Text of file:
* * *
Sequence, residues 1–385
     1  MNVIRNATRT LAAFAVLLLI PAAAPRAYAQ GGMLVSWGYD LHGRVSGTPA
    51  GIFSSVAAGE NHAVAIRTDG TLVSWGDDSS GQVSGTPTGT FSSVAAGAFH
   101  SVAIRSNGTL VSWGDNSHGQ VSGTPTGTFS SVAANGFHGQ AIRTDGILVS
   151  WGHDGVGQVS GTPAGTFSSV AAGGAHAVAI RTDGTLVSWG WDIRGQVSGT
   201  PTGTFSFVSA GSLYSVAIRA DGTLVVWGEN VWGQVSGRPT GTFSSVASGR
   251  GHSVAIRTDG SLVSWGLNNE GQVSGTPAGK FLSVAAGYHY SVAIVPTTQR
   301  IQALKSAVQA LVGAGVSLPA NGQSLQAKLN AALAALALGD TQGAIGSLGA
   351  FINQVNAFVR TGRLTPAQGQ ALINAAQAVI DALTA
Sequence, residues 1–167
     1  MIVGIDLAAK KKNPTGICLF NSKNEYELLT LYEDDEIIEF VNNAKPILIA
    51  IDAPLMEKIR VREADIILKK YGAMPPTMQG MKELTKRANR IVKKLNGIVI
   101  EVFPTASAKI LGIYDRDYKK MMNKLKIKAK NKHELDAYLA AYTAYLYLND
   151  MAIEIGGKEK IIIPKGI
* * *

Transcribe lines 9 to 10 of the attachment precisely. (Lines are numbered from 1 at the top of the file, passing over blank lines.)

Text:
   351  FINQVNAFVR TGRLTPAQGQ ALINAAQAVI DALTA
Sequence, residues 1–167